California has a long and glorious history of providing educational opportunities to all segments of its population. Lately, however, this commitment to life-long learning has faltered, and we should all be concerned.

If a measure, known as Senate Bill 173, already approved by the Senate and pending in the Assembly, is signed into law by Gov. Brown, classes for older adults and health and safety education would no longer be funded. By comparison, the governor’s revised budget calls for continuation of funding for older adult education for the next two years.

At a cost this year of about $750 million in an overall budget of nearly $91 billion, funding for these adult education programs is a small percentage for what we get. Medical professionals, including Dr. Gary Small of the UCLA Memory and Aging Research Center, have contacted me to re-enforce what his studies have shown: Keeping seniors physically and mentally active keeps them healthy.

By providing a community of peers, these programs also help ward off the isolation and loneliness that doctors say can lead to mental and physical deterioration.

Cutting adult education programming for seniors will ultimately increase costs to the state, especially in the area of mental health. Years of research studies in the American Journal of Epidemiology and the American Journal of Public Health demonstrate that attendance by seniors in the types of programs offered in noncredit education programs results in a significant reduction in the risk of contracting late-age dementia.

A well-known study, the Kungsholmen Project, followed 1,375 seniors over nine years and found that seniors who participated in physically, mentally, and socially stimulating activities contracted dementia at an 18-percent lower rate than seniors who did not participate in such activities. (American Journal of Epidemiology, vol. 155, no. 12, June 15, 2002).

With California enjoying a structural surplus, it simply makes no sense to cut adult education programming. Even during the devastating budgetary years in the past, the Legislature decided these senior programs were important enough to not eliminate. It is incoherent policy to now end these programs when there’s a surplus.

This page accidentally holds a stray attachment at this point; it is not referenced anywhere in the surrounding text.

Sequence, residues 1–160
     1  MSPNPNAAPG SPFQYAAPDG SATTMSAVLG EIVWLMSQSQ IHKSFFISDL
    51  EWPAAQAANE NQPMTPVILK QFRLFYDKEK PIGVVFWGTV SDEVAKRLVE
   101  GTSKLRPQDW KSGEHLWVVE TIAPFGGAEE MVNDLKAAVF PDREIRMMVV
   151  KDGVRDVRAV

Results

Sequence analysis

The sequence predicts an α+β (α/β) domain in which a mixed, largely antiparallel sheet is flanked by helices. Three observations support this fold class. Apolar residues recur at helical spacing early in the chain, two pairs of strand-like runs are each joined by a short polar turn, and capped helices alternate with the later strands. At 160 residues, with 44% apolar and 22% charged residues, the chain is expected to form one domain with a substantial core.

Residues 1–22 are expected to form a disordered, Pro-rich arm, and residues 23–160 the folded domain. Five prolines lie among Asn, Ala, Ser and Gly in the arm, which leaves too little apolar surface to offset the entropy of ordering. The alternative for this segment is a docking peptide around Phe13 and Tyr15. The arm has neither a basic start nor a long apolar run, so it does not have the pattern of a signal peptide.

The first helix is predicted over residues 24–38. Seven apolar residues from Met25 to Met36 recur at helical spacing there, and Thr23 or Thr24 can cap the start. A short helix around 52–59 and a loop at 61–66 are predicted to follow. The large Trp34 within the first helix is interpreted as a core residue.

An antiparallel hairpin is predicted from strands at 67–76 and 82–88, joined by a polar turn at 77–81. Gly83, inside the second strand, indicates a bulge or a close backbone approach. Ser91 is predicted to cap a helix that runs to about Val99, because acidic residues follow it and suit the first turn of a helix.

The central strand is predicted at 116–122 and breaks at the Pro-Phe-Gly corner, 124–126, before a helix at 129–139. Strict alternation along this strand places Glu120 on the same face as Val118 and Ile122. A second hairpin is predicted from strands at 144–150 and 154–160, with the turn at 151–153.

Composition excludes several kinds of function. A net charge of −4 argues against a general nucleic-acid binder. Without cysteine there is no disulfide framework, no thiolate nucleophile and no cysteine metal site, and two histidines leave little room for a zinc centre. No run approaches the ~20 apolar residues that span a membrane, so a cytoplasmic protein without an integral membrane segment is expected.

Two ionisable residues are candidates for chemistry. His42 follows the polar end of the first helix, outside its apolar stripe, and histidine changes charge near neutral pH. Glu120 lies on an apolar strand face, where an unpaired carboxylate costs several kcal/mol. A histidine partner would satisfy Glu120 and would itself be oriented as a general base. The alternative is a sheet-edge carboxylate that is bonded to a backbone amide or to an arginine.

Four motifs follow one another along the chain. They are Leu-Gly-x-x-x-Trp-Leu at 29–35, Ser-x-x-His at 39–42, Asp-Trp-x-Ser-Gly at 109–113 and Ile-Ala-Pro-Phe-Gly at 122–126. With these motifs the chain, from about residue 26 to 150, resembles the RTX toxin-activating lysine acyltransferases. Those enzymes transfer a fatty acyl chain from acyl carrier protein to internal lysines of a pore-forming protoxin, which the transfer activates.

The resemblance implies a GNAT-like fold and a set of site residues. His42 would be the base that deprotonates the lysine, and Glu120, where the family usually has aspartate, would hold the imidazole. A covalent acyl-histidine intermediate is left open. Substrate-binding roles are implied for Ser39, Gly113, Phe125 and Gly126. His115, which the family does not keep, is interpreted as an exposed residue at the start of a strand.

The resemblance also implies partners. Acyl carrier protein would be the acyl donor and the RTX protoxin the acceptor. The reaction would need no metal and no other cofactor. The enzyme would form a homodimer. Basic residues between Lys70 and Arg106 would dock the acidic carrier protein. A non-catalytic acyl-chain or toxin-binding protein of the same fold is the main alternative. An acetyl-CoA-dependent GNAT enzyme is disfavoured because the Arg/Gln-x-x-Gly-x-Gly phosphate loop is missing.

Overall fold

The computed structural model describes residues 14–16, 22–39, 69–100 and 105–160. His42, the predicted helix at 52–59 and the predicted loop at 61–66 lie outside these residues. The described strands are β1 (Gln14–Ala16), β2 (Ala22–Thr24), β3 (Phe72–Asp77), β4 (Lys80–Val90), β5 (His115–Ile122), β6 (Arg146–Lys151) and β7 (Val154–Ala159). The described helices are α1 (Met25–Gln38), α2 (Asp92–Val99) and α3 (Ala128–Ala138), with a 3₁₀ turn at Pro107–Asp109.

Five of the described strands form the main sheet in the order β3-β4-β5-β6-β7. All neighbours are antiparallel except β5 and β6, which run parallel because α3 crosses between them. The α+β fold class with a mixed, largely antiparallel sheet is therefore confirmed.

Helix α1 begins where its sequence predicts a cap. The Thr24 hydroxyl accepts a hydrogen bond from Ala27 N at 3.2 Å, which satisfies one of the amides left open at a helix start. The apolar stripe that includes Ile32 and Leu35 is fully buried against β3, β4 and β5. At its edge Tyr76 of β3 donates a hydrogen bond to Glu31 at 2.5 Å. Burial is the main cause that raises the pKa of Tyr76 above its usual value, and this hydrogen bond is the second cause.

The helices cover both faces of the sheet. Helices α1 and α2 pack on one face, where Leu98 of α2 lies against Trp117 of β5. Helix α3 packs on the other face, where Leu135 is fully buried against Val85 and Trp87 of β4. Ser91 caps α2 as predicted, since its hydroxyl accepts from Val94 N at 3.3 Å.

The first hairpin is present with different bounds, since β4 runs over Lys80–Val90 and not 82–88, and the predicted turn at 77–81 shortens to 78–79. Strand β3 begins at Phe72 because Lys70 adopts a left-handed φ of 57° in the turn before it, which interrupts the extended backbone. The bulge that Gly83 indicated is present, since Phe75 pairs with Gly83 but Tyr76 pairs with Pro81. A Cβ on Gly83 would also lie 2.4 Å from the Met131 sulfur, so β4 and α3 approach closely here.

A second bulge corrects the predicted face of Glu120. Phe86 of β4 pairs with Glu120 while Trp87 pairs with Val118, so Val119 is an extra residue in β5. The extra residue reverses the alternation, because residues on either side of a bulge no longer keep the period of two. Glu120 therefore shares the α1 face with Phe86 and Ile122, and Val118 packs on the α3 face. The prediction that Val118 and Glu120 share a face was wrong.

Seniors account for 11.7 percent of the state’s current population of nearly 38 million. By 2030, one in every five Californians will be over age 65, says the Department of Aging.

About 3,200 of today’s seniors are served at the Emeritus College in my district, with great success. Operating for the past 37 years as part of Santa Monica College, Emeritus is a model for educating and improving the lives of seniors, surely a worthy governmental goal. We need to preserve these types of programs as more and more Baby Boomers retire and look to the state for educational opportunities — and ways to be productive and contribute to society.

Older citizens are a vital and contributing part of their communities. Charities, museums and other nonprofits depend on their senior volunteers to keep operating. They are taxpayers and reliable voters who consistently support educational propositions such as Prop. 30, which promised to continue funding programs such as older adult education.

Seniors have already taken deep cuts in services. From reductions to in-home support services to the elimination of adult day healthcare centers, seniors have borne much of the brunt of the state’s recession.

I urge everyone to sign my online petition at to urge Gov. Brown and the Legislature to continue stable funding of older adult education programs and to eliminate the threat of reduced state-supported offerings presented by SB 173.

While the ultimate goal is to provide stable funding for older adult education, as well as K-12 programs and community colleges, keep in mind that the day will come when all of us may need to use, and likely benefit from, having an effective program educating older adults.



Ted W. Lieu represents the more than 1 million residents of Senate District 28, which includes Santa Monica. For more, visit


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